2037 Private Ralph Leslie BROADBENT – killed in action on 31 July 1917
Ralph Leslie Broadbent was born on 1 July 1895 near Crystal Brook and was the fourth of five children of Henry Field Broadbent and Mary Hill Broadbent (nee Hughes). The family later moved to Encounter Bay and Ralph completed his schooling at the Victor Harbor public school and later took up farming.
Ralph enlisted in the AIF on 16 June 1916, at the age of 21. After initial training at Mitcham, he was posted to the 3rd Reinforcements, 43rd Infantry Battalion, and sailed from Adelaide on HMAT A68 Anchises on 28 August 1916. Arriving at Plymouth, England on 11 October 1916, he was sent to the 11th Training Battalion for intensive preparation for service in France. Delayed by four weeks in hospital during November, he reached the Australian Base Depot, Etaples, France on 21 December 1916.
He joined the 43rd Battalion on 18 January 1917 as it was rotated out of the frontline near Amentieres. The 43rd was part of the well trained, yet still inexperienced, 3rd AIF Division commanded by General J. Monash, which had only reached France in November 1916.
Ralph quickly found himself at the front when his Battalion relieved the 41st Battalion from 24-28 January 1917 at Square Farm, near Amentieres, where Australian and German trenches were just 200 metres apart. The pattern of rotation with the 41st continued through February. At 10 pm on 19 February, a 68 strong Battalion raiding party entered German trenches searching for information. In the 30-minute action, the raiders suffered two killed and 23 wounded by enemy artillery fire as they crossed No Man’s Land.
Ralph’s Battalion had only a minor role in the Battle of Messines, which began on the 7 June 1917 with the detonation of 19 very large mines. The explosion was so loud the noise was heard in England. Held in reserve during the main attack, the 43rd Battalion relieved the 44th Battalion on 11 June. Shell-fire caused many casualties in both units during the relief. Resistance diminished as the Germans withdrew 1.2 kms on 12 June to their Warneton line allowing the Australians to advance. This supposedly minor role, described by its historians as “a diversion”, still cost the Battalion 122 casualties.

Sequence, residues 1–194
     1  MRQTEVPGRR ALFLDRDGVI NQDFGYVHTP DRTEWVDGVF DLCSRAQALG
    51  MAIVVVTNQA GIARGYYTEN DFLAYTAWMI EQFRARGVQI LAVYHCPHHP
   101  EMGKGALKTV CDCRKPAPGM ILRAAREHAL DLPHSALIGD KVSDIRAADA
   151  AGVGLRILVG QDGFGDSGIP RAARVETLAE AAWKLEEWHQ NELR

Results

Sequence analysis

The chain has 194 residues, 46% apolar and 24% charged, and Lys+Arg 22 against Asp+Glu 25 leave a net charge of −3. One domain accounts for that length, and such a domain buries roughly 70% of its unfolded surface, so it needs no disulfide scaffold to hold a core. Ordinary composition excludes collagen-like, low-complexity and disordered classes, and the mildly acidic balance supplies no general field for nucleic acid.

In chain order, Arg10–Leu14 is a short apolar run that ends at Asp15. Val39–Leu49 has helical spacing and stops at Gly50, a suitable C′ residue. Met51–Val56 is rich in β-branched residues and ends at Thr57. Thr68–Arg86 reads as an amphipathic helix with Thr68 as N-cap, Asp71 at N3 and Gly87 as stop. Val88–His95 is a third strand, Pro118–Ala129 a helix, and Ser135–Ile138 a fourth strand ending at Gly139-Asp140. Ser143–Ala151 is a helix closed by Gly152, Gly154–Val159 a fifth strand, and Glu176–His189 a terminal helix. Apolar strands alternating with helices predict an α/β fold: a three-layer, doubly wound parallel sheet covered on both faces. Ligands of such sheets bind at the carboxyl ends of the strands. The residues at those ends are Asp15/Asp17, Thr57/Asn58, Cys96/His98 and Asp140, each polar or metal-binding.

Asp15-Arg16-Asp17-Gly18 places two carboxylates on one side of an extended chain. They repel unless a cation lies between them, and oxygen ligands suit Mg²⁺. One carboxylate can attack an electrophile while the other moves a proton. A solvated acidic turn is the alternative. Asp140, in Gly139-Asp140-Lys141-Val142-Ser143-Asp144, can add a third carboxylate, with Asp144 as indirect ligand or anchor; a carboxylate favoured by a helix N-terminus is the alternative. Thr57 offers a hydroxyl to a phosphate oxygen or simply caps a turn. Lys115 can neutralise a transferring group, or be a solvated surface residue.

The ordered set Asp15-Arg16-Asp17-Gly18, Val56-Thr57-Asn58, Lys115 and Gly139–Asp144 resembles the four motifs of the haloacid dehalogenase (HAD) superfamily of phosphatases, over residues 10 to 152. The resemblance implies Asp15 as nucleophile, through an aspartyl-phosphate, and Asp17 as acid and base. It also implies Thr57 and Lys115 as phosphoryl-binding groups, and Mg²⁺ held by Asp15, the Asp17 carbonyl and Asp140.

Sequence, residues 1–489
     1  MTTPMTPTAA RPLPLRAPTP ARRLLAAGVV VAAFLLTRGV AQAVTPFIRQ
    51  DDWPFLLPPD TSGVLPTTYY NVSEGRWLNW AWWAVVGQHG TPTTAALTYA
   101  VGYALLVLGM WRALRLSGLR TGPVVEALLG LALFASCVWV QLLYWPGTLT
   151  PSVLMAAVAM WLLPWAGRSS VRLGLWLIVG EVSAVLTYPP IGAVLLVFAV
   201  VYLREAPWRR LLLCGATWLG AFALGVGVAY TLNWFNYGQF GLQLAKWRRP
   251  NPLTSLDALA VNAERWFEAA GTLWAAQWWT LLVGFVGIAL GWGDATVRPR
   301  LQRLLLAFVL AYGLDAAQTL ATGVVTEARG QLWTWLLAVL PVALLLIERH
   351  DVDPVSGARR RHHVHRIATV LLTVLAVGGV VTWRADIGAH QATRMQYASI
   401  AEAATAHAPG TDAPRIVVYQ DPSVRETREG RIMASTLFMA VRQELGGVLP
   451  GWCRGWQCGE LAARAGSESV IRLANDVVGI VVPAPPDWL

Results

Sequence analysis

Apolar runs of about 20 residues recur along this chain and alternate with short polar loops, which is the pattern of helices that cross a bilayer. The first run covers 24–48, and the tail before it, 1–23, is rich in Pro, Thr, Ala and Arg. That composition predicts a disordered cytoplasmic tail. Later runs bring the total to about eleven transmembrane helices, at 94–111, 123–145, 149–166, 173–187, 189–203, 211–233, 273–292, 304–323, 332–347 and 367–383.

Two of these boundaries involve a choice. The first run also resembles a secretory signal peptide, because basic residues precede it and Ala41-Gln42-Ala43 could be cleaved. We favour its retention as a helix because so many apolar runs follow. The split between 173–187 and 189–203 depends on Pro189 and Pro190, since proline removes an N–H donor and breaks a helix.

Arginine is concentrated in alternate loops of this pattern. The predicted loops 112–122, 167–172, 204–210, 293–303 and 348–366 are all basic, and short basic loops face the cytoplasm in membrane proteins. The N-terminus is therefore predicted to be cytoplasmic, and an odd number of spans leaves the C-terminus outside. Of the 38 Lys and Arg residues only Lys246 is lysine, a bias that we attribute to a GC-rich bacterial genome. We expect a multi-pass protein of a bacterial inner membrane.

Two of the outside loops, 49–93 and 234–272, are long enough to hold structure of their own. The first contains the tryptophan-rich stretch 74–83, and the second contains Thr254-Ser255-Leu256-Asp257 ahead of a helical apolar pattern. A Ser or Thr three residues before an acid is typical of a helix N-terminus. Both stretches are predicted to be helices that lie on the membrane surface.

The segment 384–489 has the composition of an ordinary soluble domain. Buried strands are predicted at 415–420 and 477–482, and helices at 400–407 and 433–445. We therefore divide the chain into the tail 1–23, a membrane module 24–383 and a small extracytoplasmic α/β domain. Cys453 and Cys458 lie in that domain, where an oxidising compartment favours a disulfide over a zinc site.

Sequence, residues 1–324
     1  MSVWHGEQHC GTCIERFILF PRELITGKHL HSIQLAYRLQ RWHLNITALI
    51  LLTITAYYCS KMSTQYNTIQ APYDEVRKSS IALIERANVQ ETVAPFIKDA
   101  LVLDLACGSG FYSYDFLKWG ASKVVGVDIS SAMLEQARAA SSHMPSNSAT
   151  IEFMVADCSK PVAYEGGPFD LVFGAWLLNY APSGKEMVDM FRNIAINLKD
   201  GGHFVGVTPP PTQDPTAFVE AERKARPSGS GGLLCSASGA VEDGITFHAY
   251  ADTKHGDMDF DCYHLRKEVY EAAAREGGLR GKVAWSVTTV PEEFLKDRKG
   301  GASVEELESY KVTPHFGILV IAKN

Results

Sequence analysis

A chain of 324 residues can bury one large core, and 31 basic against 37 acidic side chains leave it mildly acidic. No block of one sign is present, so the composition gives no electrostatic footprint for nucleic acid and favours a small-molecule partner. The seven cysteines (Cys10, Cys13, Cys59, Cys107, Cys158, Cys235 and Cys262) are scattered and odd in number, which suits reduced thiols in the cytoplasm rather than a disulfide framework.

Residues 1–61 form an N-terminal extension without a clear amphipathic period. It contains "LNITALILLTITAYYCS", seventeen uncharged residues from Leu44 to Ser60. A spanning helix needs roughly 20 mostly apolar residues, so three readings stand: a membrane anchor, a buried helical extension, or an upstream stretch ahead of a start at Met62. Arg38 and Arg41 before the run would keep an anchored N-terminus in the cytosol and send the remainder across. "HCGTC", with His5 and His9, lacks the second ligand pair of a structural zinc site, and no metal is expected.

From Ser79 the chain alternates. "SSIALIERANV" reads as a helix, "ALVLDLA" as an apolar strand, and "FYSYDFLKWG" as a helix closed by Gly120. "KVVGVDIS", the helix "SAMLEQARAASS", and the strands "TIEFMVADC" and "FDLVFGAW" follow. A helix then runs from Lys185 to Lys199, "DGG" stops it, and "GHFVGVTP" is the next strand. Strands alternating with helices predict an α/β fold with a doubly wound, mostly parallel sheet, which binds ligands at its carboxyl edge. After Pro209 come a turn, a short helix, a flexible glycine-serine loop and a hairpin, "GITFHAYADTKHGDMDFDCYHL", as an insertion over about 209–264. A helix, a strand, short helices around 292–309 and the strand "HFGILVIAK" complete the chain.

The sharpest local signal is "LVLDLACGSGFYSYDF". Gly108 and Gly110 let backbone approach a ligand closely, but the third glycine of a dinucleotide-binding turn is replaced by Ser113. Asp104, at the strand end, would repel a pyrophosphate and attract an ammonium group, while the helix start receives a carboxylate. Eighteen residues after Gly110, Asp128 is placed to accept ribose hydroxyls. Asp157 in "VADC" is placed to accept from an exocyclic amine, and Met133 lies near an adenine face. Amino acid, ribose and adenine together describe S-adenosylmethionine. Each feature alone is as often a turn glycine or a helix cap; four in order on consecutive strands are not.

On 31 July 1917, the combined British 5th and French 1st Armies launched the Battle of Passchendaele to the east of Ypres, Belgium. British forces included 100,000 infantry along the 16 km front. In the north the British advanced 2 kms, capturing Pilckem Ridge, but were unable to break through German defences.
Australia’s 3rd Division in the south was tasked to capture defensive posts opposite their positions at Messines to divert German forces from the main British attack, however war correspondent Charles Bean described their role as more of a feint. The 43rd Battalion commenced their attack at 3.50 am to use the early dawn light and coordinate with the main thrust. With rain beginning to fall, they advanced on a 1,000-yard front towards the high ground northwest of Warneton. Having successfully captured enemy posts the men commenced digging a new front line. When relieved at midnight, the Battalion had lost 35 killed and 181 wounded, with four missing in less than 24 hours. Total Australian casualties for the feint were 550.
Ralph was killed during that day, but his body was not recovered after the fighting. His name is among 54,325 British Empire men shown on the Menin Gate Memorial at Ypres. The Memorial commemorates those who served in the Ypres campaigns and have no known grave. Of these, 6,178 are Australians.
His family received Ralph’s British War Medal and Victory Medal together with a memorial plaque (referred to as “The Dead Man’s Penny”) and a memorial scroll. In December 1917, his mother was granted a war pension of 20 shillings a fortnight for the loss of her son.
Compiled by the Victor Harbor RSL History Research Team, June 2009.